DENVER — A divided three-judge federal appeals court panel voiced support Thursday for a "fundamental right to marriage" but said Utah might have the right to define the institution as between only men and women.
In the first challenge to states' gay marriage bans to reach the appeals court level since the Supreme Court handed the same-sex marriage movement two victories last June, the 10th Circuit Court of Appeals panel appeared to be of three minds.
Judge Paul Kelly, an appointee of former president George H.W. Bush, was the most skeptical of same-sex marriage rights. Judge Carlos Lucero, appointed by Bill Clinton, appeared strongly in favor.
That left George W. Bush's judge, Jerome Holmes, in the middle. He came out forcefully, wondering why bans on same-sex marriage are any more legitimate than earlier bans on interracial marriage, which were struck down by the Supreme Court. But he also expressed some support for Utah.
The case is based on Utah's 2004 constitutional amendment banning same-sex marriage, including those from other states. Federal district Judge Robert Shelby struck down the ban in December; the state's appeal is the first of many that will be heard by appeals courts this spring and summer. An Oklahoma case will be heard here next week, followed closely by a Virginia case in Richmond next month.
One of the various cases likely will make its way to the Supreme Court, perhaps as early as next year. The high court ruled last June that the federal government must recognize legal same-sex marriages, and it cleared the way for same-sex marriages in California. But in 33 states that do not allow the practice, the court has not weighed in.
Early indications at Thursday's oral argument were that this first appeals court ruling would go the same way as every district court ruling since the Supreme Court's decisions were handed down.
Holmes and Lucero came out of the box clearly leaning toward marriage as a fundamental right for all citizens, regardless of sexual orientation. Holmes compared the case to Loving v. Virginia, in which the Supreme Court struck down state bans on interracial marriage in 1967.
"What barred them from getting married was race. In this instance, what makes it any different?" Holmes said. "Why does it matter who's claiming the right?"
Gene Schaerr, the lawyer representing Utah, answered that the state gets to define marriage. "You have to first decide what marriage is," he said.
Lucero asked whether children of gay couples married in other states but living in Utah are stigmatized when their parents' marriages aren't recognized there. And he expressed doubt about Utah's argument that allowing same-sex marriages would discourage the traditional kind.
"Why is a heterosexual couple more likely to get married if gay couples aren't allowed to get married?" Lucero asked.
During the second half of the hearing, however, both Holmes and Kelly said the state might be able to show a rational basis for passing its constitutional amendment a decade ago: protecting its traditional definition of marriage.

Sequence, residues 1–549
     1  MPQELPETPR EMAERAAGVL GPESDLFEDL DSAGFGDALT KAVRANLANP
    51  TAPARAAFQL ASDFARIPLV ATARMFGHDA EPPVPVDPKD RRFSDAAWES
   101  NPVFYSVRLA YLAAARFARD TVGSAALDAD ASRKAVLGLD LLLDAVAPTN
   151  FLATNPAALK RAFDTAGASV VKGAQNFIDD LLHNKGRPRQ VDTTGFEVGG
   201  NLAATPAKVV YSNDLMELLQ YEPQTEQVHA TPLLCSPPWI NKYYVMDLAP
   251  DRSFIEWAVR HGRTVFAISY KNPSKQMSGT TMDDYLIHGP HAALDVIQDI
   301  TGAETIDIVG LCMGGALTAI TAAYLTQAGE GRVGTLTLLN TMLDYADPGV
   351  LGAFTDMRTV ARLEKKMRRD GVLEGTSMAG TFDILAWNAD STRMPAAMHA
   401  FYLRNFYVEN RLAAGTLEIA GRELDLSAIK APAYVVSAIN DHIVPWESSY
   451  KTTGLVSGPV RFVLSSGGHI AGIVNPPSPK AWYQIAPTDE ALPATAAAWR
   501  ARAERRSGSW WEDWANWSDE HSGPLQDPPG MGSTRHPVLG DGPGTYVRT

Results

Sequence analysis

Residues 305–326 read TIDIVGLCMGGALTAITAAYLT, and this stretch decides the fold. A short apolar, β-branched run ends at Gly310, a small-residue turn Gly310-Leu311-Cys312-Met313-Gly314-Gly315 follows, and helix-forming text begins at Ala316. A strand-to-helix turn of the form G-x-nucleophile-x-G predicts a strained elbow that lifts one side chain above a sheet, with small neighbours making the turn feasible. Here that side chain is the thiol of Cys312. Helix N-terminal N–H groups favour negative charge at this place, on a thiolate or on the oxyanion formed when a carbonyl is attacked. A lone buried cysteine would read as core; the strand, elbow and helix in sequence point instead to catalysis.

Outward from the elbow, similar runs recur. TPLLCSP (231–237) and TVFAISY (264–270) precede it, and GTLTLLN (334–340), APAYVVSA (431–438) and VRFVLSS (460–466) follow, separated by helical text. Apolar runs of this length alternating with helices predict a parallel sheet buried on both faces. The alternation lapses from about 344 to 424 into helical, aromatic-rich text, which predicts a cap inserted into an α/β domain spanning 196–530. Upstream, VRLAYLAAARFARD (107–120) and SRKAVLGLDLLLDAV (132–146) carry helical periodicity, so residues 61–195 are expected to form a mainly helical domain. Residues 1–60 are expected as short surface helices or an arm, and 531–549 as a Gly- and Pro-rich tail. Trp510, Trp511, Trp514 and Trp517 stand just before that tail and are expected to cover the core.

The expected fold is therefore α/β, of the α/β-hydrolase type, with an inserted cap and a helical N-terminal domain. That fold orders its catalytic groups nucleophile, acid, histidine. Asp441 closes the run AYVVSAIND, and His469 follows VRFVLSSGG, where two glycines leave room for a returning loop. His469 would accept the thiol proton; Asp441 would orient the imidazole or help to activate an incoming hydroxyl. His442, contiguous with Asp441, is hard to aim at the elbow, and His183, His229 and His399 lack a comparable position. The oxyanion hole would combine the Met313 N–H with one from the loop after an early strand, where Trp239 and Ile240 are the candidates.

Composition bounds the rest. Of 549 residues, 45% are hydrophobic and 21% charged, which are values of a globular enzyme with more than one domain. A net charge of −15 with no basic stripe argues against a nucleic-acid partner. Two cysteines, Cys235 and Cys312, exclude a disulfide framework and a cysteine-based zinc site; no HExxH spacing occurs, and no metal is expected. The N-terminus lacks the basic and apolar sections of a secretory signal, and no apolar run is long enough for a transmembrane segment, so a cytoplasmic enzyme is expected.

In essence, Holmes said, the state "has validated what has been accepted practice forever." If gays and lesbians lack the protected status of gender and race — which remains unclear even after the Supreme Court's decisions last summer — "why can't the state do what it wants to do?" he said.
Peggy Tomsic, the lawyer representing the three same-sex couples — Derek Kitchen and Moudi Sbeity, Karen Archer and Kate Call, and Laurie Wood and Kody Partridge — answered: "These are not the type of laws that our Constitution will permit."
After years spent waging political and legislative battles, proponents of gay marriage have turned almost exclusively to the courts since last year. Keeping track of the lawsuits requires a scorecard: The Human Rights Campaign counts 57 cases in 27 states, while Freedom to Marry, another advocacy group, counts 61 cases in 30 states. All told, the cases have nearly 550 plaintiffs.
And while the ultimate goal of gay rights groups is winning marriage rights in all 50 states, some of the cases raise a lesser issue: Should states without same-sex marriage be forced to recognize married couples from other states?
That issue is raised in the Utah case, which features one couple married there before the district court judge's ruling was stayed by the Supreme Court, another couple seeking to marry and a third married in Iowa who want their marriage recognized in Utah.
More than 1,000 couples were married in Utah before the Supreme Court halted the process pending appeals. That has left those couples in a marital no-man's land — their marriages neither voided nor fully recognized by the state. About 300 Michigan couples are in the same boat following a similar process last month. In all other states, district judges stayed their own rulings.
Other appeals will be heard this year, beginning with Oklahoma next week and Virginia in May. They likely will include cases from Michigan to Texas to Nevada. The 6th Circuit is made up of four states — Michigan, Ohio, Kentucky and Tennessee — all of which have same-sex marriage appeals teed up.
The last decision upholding a state's ban came in the 9th Circuit, where a district judge OK'd Nevada's prohibition in November 2012.